Oklahoma Leg Of 2010 Tour

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On Saturday, September 11, 2010, I (Stanley Bronstein) walked for 4 hours on the campus of the University of Oklahoma in Norman, Oklahoma, for 1 hour in Shawnee, Oklahoma and for roughly 25 minutes in the town of Checopah, Oklahoma.

Highlights of the Oklahoma leg of the tour:

  • The OU Campus was beautiful.
  • I got to the OU Campus early enough to watch all the tailgaters getting set up for the big football game between OU and Florida State University.
  • Watching everyone get set up was a wonderful example of “people watching”, which is one of my favorite “sports.”
  • When I left the campus, I got to give away my parking space for free, even though it was on a block where residents were charging visitors $15 to $25 just to park on the street in front of their house.
  • Not only did I get to give away my space for free, but the one behind me opened up so I gave away two spaces (a $30 value).
  • When the second person thanked me for the free space, I had the pleasure of telling them to remember it was a Longhorn who gave them the space (OU and the Univ of Texas Longhorns are long-time rivals).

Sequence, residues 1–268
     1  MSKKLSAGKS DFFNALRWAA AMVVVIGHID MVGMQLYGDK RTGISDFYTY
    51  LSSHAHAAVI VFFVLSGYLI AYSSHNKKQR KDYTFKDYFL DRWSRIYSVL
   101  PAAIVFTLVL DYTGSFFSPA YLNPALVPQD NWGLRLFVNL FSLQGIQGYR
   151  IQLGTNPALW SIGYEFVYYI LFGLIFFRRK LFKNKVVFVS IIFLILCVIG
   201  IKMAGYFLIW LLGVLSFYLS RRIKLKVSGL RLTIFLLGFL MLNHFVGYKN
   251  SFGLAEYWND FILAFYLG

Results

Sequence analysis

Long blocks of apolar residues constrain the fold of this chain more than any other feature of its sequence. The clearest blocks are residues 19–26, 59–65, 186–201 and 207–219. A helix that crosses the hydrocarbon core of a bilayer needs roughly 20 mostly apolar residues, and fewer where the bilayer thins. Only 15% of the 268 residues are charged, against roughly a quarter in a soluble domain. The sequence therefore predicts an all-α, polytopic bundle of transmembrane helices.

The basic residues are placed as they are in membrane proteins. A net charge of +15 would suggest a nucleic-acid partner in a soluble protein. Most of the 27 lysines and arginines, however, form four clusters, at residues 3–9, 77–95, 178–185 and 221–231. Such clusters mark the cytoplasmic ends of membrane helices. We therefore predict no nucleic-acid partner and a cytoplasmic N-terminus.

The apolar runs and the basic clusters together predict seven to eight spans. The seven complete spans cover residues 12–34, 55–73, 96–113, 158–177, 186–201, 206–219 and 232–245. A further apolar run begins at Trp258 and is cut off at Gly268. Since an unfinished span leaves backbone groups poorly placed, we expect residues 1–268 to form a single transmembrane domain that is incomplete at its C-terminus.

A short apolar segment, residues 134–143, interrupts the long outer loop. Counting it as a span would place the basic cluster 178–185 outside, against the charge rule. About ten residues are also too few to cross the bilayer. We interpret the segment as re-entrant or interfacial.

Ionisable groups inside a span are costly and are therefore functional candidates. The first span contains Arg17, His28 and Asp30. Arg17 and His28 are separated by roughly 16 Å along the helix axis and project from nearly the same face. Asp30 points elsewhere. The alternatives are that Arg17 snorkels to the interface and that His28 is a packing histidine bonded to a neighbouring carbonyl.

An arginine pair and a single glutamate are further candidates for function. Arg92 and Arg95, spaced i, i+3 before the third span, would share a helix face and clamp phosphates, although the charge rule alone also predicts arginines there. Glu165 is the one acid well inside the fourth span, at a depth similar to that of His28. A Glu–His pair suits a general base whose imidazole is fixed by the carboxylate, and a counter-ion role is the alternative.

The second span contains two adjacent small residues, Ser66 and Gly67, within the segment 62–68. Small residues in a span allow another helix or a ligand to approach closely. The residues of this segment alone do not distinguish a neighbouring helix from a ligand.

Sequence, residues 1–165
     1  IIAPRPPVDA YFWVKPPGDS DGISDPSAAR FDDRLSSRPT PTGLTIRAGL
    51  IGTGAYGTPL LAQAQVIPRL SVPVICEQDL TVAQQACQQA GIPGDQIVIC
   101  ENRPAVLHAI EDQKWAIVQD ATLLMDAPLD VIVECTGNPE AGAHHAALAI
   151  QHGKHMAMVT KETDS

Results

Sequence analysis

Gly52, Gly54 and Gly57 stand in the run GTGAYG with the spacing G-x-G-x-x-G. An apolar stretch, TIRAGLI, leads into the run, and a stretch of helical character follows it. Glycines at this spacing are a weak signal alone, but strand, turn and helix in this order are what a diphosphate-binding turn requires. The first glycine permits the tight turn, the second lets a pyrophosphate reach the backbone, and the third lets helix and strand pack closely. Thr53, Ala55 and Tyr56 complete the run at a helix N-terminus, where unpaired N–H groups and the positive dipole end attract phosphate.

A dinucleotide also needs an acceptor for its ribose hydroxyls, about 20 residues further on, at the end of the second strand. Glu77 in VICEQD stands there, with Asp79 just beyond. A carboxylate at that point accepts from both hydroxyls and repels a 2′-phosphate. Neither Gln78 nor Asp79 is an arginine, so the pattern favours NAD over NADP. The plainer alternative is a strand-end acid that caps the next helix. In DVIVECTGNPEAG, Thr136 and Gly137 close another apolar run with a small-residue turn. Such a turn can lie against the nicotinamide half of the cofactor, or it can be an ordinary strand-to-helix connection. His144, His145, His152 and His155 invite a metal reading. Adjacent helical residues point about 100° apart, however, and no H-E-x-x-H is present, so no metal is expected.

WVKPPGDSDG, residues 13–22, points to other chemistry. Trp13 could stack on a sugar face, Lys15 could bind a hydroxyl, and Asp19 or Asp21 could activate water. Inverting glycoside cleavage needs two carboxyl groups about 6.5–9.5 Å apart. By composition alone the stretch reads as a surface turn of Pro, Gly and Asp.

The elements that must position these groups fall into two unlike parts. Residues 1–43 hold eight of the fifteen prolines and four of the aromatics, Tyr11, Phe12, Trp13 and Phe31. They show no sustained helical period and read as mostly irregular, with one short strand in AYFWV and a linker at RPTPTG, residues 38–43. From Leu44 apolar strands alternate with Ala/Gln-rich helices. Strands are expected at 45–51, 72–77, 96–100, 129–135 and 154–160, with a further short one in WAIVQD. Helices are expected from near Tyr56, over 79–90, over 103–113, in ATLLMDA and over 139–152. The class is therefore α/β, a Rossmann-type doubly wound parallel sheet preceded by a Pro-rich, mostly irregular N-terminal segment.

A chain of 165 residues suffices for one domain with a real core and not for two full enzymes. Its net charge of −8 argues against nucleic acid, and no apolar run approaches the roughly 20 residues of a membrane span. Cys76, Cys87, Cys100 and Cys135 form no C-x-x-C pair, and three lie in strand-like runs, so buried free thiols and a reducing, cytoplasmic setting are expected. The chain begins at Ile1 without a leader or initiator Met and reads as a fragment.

• I saw a little bit fo small-town Oklahoma on the way to Arkansas.
  • I visited Checopah, OK, the home of Carrie Underwood (American Idol winner from 2005).
  • The drive into Arkansas was absolutely gorgeous as I drove through the Ozarks.

As usual, I recorded a podcast which can be listened to by clicking the button right below these words.

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Here are pictures from my walk.


Here are 5 fast facts about the state of Oklahoma:

  • With an estimated 3,687,050 residents in 2009 and a land area of 68,667 square miles (177,847 km), Oklahoma is the 28th most populous and 20th largest state.
  • The state’s name is derived from the Choctaw words okla and humma, meaning “red people”, and is known informally by its nickname, The Sooner State.
  • A major producer of natural gas, oil and agriculture. Oklahoma relies on an economic base of aviation, energy, telecommunications, and biotechnology.  It has one of the fastest growing economies in the nation, ranking among the top states in per capita income growth and gross domestic product growth.
  • In addition to having a prevalence of German, Irish, British and Native American ancestry, more than 25 Native American languages are spoken in Oklahoma, the most of any state.
  • It is located on a confluence of three major American cultural regions and historically served as a route for cattle drives, a destination for southern settlers, and a government-sanctioned territory for Native Americans.

Next stop, Fayetteville, Arkansas.